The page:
Although spending time in Reykjavík is a great way of immersing yourself in Icelandic culture – you won’t truly experience the immense beauty of the country unless you hit the road.
Iceland Travel Agencies
When you stay in Reykjavík, there are plenty of tours arranged by Iceland travel agencies on offer, that take you beyond the capital – but if you have longer to explore, the option of a self-drive adventure is a great way of seeing more of the countryside without the hassle of sticking to schedules and waiting around for other tourists.
So we opted to go on a four-day self-drive around the south of the Island with Hey Iceland – who not only organised our car hire but our accommodation, too – a converted farmhouse in the middle of nowhere in order to increase our chances of seeing the Northern Lights.
With over 170 different types of countryside accommodation from b&bs to farm stays, plus guided tours, car hire and customised trips, Icelandic Farm Holidays firmly believes that they can help you plan your holiday without any complications.
I liked the idea behind Icelandic Farm Holidays. Their philosophy is simple: to provide good service to visitors while maintaining sustainable tourism in rural areas of Iceland. In fact, the travel agency is still majority-owned by farmers, which keeps profits local and benefits rural communities. Which means by booking through Icelandic Farm Holidays you are helping to support local businesses.
Our family road trip
Because we were spending some time in Reykjavík, we asked for our car to be delivered to our apartment. Alongside a sat nav and a car seat for Monkey we were impressed with our vehicle. A Skoda estate with four-wheel drive and automatic transmission, it was a beast of a car – able to handle the snowy conditions and icy roads, comfortable and plenty of room for our luggage.
Getting the car was easy – a representative from Europcar picked up hubby and took him to the office where he signed some paperwork and then we were on the road.
There was no set route – we were given a map and detailed instructions on the whereabouts of our hotel near a small agricultural town called Hella. So we planned our road trip around specific sights such as The Golden Circle route and the coastal road towards Vik, always making sure we’d never be too far from our base, Hotel Lækur.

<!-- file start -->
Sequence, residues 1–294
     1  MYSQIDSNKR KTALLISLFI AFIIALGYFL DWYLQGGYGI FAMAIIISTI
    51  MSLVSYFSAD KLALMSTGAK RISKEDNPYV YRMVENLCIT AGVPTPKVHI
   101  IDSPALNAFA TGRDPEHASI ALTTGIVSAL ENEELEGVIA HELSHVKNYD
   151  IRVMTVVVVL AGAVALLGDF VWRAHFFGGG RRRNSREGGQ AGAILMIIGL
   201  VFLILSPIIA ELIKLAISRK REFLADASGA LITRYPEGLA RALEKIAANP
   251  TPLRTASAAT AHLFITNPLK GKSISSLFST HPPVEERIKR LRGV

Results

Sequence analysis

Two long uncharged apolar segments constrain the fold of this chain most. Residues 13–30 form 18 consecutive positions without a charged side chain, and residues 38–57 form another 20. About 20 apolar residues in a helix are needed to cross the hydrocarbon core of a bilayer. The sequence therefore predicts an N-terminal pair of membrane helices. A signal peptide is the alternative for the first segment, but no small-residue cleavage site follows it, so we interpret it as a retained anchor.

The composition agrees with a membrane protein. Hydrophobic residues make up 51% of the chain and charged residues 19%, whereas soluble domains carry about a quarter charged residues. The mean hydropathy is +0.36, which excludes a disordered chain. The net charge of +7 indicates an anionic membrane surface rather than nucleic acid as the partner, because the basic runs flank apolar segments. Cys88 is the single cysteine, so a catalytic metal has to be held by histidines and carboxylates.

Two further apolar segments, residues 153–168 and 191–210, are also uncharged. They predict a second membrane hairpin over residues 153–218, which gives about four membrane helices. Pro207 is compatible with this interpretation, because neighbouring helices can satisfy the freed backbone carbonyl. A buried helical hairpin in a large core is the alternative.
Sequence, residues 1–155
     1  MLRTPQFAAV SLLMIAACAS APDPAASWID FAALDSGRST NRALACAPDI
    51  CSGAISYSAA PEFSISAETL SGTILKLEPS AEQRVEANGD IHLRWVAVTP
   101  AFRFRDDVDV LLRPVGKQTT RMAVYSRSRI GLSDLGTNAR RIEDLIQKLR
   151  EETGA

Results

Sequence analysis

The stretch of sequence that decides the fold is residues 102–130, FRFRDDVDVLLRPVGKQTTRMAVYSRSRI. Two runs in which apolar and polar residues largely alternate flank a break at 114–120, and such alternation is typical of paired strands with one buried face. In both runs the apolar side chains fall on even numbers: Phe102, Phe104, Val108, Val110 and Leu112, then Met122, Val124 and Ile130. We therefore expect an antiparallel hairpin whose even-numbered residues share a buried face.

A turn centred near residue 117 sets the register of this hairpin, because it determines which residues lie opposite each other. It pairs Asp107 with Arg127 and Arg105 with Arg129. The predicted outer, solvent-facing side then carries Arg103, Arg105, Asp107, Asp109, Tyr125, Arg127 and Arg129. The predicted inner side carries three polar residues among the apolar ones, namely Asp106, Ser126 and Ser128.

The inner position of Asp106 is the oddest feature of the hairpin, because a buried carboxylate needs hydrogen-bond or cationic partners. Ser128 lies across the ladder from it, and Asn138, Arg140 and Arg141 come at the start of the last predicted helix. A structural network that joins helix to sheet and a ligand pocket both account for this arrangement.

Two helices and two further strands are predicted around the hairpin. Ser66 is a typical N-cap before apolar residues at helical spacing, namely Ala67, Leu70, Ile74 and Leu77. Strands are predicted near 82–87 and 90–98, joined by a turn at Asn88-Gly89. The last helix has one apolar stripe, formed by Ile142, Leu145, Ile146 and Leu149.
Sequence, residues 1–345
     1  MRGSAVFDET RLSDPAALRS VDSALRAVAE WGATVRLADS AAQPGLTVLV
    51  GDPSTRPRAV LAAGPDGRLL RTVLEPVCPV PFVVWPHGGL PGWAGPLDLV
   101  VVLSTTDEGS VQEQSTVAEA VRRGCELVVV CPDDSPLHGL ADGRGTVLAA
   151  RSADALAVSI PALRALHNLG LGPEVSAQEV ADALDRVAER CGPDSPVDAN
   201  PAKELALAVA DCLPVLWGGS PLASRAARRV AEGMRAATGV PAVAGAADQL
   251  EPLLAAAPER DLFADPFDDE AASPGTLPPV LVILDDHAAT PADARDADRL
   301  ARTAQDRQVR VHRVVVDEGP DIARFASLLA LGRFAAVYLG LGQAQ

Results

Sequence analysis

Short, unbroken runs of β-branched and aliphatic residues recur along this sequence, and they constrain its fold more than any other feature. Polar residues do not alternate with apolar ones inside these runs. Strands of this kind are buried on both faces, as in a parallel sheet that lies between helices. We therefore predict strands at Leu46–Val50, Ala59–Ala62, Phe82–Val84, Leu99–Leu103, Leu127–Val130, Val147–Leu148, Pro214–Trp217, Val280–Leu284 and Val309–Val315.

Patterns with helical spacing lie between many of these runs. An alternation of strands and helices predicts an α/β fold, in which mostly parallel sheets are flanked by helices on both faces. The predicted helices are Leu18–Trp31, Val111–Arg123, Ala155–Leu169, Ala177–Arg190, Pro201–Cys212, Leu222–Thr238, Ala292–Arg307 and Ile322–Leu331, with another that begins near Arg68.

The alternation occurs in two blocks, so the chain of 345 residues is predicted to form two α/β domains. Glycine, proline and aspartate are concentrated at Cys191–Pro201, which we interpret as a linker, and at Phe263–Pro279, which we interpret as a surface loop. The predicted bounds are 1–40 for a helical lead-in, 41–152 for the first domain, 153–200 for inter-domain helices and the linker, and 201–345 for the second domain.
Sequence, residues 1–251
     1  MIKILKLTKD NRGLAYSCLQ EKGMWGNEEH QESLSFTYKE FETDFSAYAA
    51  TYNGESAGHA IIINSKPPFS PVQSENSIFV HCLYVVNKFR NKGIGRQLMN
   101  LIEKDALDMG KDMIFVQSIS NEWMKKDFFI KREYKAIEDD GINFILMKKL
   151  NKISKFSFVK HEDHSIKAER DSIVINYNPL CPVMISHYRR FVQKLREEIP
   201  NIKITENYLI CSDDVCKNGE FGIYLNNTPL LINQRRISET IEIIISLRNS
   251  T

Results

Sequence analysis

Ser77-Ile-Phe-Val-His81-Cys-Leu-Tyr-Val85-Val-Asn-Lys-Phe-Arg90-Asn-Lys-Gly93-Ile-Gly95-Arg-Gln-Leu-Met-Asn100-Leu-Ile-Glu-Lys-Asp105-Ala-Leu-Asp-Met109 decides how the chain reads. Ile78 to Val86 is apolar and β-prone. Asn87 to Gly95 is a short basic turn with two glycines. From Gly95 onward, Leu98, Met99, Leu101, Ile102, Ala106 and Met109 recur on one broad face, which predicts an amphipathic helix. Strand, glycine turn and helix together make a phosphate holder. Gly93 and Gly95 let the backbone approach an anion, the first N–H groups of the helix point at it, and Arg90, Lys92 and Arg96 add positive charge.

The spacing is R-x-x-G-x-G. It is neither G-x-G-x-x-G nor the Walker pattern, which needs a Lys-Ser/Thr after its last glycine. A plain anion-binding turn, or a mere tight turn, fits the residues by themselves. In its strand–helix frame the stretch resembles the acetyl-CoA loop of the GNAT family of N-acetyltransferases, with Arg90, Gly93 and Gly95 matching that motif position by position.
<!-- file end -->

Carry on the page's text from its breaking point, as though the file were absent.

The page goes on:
But that was the beauty of having our own car – being able to go where we wanted, stay for as long as we wanted, and leave when we’d had enough. The other benefit was being able to avoid large crowds because the tour groups tend to stick to a tight timetable – we just made sure to set off a little later, after all, we weren’t in any rush.
Being on the open road was fantastic. It was my most favourite part of our Iceland trip. We could travel for hours and just be in awe of the sweeping landscapes surrounding us. It was hard not to constantly gasp – we’d often see snowy-topped mountains, icy rivers, frozen seas and waterfalls when we were least expecting them.
We also got to find some hidden gems en route that were empty of tourists – and drive for some time without seeing another soul. This meant that we often felt like the only people on this magical land, perpetuated by the shimmering snow.
And, when we were sadly due to go home, it was just a case of driving to Keflavik Airport and dropping off the car. We even got a lift to the terminal with all our luggage.
For anyone thinking of taking a self-guided road trip in Iceland, I would highly recommend it – and not only do Hey Iceland have tours to suit any time frame but they can also customise an adventure to suit your needs. The great thing about going with such a renowned company is that the hassle is taken out of any planning – and your accommodation will be situated off the beaten track – therefore giving you a unique Icelandic experience.
Tips While You’re On The Road
• There are numerous car hire companies in Iceland to service your needs – and plenty of visitors make use of the option pick up their car from Keflavik Airport – this certainly saves on the transfer costs into the city.
• Be prepared to change your plans – and check with www.road.is for all the latest road reports. The weather in winter is unpredictable and roads can be closed without warning.
• Do stock up on water, snacks and petrol before you head off. We usually went to the nearest petrol station for supplies in the morning which were not only cheap but meant there was no need to detour to find food en route. Sometimes we would go for miles without seeing any civilisation.
• Make sure you have all the right clothing for when you need to get out of the car. You can be lulled into false sense of snugness and warmth inside!
• Be safe and mindful of other people. Don’t just stop in the road so you can take photos. Granted this is pretty hard with such breathtaking scenery, but wait until you can pull over safely.
• Take it slowly. The roads in Iceland are pretty good, but with bad weather and sudden snow flurries, a clear road can suddenly be icy. Meanwhile, if you haven’t got a four-wheel drive, don’t even attempt to go off-road. Not only is it dangerous, but you could face a hefty roadside assistance bill if you get stuck.
* We were fortunate to be guests of Iceland travel agencies Hey Iceland on their Northern Lights Self-Guided Tour which included the car hire, and bed and breakfast at Hotel Lækur, but as always my opinions are my own.